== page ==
School board aims to balance needs and costs

PAT FRIDGEN, Echo Pilot

The Greencastle-Antrim school board Facilities Committee met with the architects last Thursday, to try to put a handle on needs versus affordability for the district’s building project.

Eric Holtzman, Jim Winslow and Ken Haines spoke with EI Associates personnel, including senior vice president Mark Barnhardt. An initial $80 million pricetag was out of the question, board members have agreed, but they still face determining which improvements and expansion measures must be undertaken to handle growing enrollment.

“We don’t have much of a choice,” said Holtzman. “We need to reduce class sizes. We have to add classrooms and staff.”

Superintendent Dr. C. Gregory Hoover said the ideal situation would be to house kindergarten and first grade in the primary school, second and third in the elementary school, fourth through sixth in a new building, seventh and eighth in the middle school, ninth passing between the two secondary buildings, and 10 to 12 in the high school.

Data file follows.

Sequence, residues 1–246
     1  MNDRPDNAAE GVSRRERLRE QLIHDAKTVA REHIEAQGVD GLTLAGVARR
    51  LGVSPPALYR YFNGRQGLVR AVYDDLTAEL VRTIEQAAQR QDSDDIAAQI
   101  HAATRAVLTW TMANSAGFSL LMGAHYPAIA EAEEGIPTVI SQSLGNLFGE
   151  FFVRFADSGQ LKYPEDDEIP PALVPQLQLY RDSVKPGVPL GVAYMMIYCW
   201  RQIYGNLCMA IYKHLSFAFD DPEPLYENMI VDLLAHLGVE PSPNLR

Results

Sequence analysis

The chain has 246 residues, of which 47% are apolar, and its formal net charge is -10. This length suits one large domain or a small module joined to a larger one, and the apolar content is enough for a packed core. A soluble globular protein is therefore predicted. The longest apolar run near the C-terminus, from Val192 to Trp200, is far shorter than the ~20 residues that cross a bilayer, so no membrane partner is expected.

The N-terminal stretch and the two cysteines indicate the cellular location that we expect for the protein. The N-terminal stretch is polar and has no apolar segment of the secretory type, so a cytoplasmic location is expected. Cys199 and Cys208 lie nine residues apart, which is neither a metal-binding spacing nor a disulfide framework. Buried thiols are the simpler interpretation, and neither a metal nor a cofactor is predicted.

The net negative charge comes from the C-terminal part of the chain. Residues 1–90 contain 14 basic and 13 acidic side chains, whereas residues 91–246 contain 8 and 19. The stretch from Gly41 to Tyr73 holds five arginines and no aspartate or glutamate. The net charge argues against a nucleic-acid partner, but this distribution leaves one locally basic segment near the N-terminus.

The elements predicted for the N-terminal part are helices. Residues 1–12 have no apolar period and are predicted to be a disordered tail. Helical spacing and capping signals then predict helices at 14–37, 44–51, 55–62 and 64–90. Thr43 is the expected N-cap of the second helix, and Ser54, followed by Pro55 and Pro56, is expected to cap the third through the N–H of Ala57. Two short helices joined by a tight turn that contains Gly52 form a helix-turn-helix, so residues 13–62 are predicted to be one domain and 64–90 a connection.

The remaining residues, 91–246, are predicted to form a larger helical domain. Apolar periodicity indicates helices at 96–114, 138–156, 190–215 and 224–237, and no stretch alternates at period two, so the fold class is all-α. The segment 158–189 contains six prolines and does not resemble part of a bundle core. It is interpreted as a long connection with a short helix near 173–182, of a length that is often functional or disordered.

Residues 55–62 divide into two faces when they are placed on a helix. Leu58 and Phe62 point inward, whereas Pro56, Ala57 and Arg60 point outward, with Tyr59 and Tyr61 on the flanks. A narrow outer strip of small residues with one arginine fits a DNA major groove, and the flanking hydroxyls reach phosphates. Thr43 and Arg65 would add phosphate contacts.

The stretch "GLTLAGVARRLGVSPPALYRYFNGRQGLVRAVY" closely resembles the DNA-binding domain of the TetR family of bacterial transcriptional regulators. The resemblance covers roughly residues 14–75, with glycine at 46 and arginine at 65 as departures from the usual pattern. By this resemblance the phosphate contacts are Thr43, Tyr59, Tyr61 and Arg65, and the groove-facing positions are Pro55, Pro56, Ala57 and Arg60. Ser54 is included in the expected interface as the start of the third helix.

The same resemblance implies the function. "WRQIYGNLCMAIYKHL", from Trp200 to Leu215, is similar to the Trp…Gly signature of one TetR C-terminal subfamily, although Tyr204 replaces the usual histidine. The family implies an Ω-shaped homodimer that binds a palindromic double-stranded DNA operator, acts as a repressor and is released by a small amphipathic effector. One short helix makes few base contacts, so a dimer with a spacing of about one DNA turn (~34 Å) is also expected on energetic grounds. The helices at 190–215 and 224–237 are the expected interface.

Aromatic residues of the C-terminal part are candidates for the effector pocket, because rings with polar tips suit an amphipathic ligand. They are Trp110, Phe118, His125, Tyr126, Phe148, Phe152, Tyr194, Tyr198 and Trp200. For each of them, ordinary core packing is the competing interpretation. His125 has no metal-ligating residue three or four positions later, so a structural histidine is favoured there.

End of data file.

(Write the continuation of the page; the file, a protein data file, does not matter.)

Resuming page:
“That’s ideal educationally, but we can’t afford it.”

The district needed 20 to 25 additional classrooms, he said. Five already could be found in the middle school through rearranging and remodeling rooms.

Director of education Dr. Bob Crider told the committee the administration needed to know soon what the board supported as far as class size. He wanted to maintain the quality of instruction and keep programming as it was, including the extracurricular opportunities for students. Middle school principal Mark Herman also wanted to retain all of his programs.

Holtzman said it could mean barebones renovations to maximize PlanCon reimbursement for work on the middle and high schools, and classrooms could be added between the two buildings. That would eliminate one plan to put a master cafeteria and library in the space.

Barnhardt said critical work on the secondary buildings, modernizing the mechanical and electrical systems, would be $30 million. He also wanted to know how much funding the board would authorize; then the needs could be prioritized.

Holtzman said by 2017 an annual wrapround debt of $1.5 million would be done, freeing up some money, but a mill increase would be necessary. The Finance Committee was also holding sessions, and the school board as a whole would figure out how much the district could afford to spend.

EI design plans have been created incorporating full-day kindergarten, 25 students per classroom, 350 students per elementary grade, 325 students per the upper grades, and projections of 800 to 1,100 new students arriving in the next decade.